December 13, 2018

Exploring the Smart Home

Light bulbs

I am old enough to remember television sets before there were remote controls. Yes, we actually had to stand up, walk over to the TV, and change the channel manually. Of course, televisions were small enough in those days that we usually weren't sitting that far away to begin with. I remember my dad's reaction when televisions with remote controls started coming out. "Are you telling me people are so lazy they can't be bothered to get up and change the channel?" He viewed it as an unnecessary gimmick right up until we bought our first television that came with a remote. I think it took him no more than an hour to become completely hooked on having a remote, and that hasn't changed. We all have remotes now, which comes in handy because most of us also have more than three channels.

There were two Black Friday deals I was unable to resist this year. These were items I had been eyeing for some time but had kept dismissing as overpriced, unnecessary, and much like my dad all those years ago, the sort of gimmicks that nobody really needed. And like my dad, I was wrong...mostly. First and most extravagant, I finally decided to pick up some of the Philips Hue smart bulbs I've been eyeing since at least March. Best Buy had one of the starter kits with 3 color changing bulbs, a dimmer switch, and the hub required to make the system work on a good sale. I also found a good price on some of the basic white bulbs. Even though these white bulbs don't do that much, they are far less expensive than the other bulbs and function just as I wanted for my main overhead light fixture.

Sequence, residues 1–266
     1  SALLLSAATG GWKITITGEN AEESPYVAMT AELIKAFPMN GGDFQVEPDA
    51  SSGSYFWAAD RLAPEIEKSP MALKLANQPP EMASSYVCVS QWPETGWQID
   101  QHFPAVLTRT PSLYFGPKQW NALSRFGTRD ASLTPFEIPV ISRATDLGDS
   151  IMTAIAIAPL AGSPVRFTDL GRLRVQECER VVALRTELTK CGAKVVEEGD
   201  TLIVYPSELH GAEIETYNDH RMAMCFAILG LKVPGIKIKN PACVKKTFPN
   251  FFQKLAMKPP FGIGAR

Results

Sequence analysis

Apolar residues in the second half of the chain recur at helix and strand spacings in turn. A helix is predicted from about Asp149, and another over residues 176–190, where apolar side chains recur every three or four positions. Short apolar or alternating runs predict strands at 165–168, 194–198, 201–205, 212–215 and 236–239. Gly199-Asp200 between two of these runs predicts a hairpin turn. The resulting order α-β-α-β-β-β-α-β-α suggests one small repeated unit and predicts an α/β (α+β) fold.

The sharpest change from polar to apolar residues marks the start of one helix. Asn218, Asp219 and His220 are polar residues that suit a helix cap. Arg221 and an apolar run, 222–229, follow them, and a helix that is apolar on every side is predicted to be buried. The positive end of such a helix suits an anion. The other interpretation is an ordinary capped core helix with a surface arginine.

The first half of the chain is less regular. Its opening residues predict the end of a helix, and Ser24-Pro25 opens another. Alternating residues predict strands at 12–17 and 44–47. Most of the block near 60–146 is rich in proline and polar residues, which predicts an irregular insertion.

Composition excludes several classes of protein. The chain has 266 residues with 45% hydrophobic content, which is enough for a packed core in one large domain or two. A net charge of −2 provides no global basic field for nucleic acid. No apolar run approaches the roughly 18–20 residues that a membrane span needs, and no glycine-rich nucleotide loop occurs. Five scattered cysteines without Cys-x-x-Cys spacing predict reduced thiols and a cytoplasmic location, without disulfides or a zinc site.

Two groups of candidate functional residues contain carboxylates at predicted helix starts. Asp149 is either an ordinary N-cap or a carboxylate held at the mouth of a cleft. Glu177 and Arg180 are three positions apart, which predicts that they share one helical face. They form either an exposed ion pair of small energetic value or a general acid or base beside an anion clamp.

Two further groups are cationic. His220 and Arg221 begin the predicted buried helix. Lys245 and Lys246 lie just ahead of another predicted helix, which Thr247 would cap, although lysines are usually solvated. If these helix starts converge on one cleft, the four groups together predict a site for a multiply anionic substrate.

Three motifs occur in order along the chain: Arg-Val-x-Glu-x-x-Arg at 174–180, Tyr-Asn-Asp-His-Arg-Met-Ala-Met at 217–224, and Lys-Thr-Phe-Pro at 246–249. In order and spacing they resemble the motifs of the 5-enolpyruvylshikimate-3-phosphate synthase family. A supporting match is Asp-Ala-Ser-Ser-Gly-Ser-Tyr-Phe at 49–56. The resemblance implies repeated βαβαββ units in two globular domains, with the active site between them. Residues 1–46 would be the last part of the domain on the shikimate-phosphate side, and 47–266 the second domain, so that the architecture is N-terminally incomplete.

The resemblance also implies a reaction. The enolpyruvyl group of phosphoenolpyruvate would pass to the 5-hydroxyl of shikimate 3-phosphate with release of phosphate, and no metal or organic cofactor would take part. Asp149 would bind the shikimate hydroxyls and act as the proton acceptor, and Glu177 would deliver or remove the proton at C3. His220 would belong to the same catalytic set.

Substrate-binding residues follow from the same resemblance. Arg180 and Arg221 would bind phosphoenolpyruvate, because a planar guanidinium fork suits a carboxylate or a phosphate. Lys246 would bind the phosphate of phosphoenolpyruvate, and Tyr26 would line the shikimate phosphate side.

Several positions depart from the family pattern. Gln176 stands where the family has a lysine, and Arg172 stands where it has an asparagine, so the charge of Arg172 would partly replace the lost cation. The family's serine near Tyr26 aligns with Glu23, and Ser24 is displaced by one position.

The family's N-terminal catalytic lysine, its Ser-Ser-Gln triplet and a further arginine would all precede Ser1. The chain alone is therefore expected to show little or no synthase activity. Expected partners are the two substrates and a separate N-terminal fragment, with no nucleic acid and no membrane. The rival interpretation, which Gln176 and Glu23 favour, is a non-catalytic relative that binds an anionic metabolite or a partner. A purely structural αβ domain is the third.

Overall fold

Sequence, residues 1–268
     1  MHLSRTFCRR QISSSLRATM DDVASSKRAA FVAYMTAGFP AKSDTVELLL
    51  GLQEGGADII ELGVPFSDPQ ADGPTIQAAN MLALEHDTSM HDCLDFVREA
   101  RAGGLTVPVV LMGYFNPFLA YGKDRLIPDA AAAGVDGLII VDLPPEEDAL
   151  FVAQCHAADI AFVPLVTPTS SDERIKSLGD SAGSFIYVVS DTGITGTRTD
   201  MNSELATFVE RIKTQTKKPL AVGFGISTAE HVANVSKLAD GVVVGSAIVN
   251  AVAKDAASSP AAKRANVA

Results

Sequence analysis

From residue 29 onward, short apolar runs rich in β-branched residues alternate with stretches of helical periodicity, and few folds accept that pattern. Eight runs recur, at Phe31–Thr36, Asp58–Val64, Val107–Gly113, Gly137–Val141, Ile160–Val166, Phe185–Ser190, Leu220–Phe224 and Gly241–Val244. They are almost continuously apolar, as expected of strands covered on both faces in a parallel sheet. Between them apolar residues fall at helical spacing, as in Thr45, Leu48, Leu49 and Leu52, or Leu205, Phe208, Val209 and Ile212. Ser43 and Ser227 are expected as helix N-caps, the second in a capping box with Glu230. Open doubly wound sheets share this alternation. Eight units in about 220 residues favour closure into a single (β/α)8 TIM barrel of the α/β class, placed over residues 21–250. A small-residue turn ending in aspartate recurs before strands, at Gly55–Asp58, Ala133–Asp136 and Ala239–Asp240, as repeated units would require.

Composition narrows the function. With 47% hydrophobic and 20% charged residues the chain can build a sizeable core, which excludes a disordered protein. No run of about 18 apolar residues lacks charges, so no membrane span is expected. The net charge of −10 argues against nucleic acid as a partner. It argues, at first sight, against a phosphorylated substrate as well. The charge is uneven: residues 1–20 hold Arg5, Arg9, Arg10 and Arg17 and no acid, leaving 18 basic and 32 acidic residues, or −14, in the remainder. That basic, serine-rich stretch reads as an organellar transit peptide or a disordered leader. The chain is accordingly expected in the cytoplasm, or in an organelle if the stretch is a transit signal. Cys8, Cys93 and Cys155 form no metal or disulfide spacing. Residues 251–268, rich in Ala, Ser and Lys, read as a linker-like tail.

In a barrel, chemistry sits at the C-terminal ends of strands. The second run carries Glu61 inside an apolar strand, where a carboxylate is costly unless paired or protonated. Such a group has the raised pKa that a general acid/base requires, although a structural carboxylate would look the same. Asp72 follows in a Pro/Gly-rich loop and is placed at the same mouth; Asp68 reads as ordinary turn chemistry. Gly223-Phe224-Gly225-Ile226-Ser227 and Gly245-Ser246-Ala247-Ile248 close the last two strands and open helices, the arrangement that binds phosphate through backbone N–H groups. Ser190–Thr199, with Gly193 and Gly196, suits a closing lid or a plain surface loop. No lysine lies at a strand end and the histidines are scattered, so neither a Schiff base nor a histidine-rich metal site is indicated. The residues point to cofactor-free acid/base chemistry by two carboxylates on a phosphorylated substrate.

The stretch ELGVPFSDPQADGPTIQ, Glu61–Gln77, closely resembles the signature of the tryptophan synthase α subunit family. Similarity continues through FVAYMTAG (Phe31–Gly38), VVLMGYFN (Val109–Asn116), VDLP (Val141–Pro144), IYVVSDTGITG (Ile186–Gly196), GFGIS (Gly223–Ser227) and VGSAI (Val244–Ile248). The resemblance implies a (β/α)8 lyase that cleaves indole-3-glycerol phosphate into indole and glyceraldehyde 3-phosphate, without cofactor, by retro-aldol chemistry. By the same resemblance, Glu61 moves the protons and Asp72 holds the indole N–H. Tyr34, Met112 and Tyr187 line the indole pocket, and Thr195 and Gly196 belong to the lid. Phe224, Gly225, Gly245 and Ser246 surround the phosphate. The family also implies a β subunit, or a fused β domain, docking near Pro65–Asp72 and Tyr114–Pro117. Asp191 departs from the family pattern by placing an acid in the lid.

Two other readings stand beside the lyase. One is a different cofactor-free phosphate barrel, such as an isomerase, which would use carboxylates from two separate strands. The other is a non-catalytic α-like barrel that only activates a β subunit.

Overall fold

Admittedly, the color change bulbs are rather gimmicky. I am currently using one for ambient lighting and will soon put one in a lamp next to my bed. While it is neat being able to change the colors, I am not sure how much I will really use these. The basic white lights, however, have been a great addition. I put these in my main overhead fixture, and it is very nice to be able to turn them on and off as well as dim them to whatever level I want without having to get up. But what took them to another level of usefulness was my next Black Friday buy.

I picked up one of the 3rd generation Echo Dots. It was on sale for half the regular price and came with a smart plug. I have been listening to one of my co-workers rave about how much she loves hers, and I figured I'd give it a try. I haven't had it for long enough to learn how to do most of what it can do, but I have been using it to give me voice control over my Hue bulbs and my TV. I no longer have to use my phone to control the lights; I can just ask Alexa. This is handy because I am not someone who carries a phone with me at all times. Being able to adjust the lights with my voice is similar to the TV remotes in the sense that I couldn't appreciate how nice it is until trying it. Even though my use has been very basic at this point, I'll expand it as I get time (e.g., setting up routines so that one command performs multiple functions). It has also been nice to use it for checking the weather, traffic, and getting news updates.

It was not long ago that I remember scoffing at much of the smart home stuff. I am still not sure why I would want smart door locks or whether being able to control my thermostat with my voice is something I need. I have been enjoying being able to control the lights and getting answers to questions without having to mess with my phone. My guess is that there are plenty of other things I just haven't thought of doing yet that will prove to be equally helpful.

The primary warning I'd give to anyone considering Hue bulbs or services like Alexa is that these things tend to be addictive in the sense that one will likely think of buying more of them. Replacing all my light bulbs with Hue bulbs is tempting but would be very expensive. And I know a few people who started with one Echo Dot and now have them in every room. I've only had mine for a little more than a week, and I've already found myself thinking that it would be nice to have another one.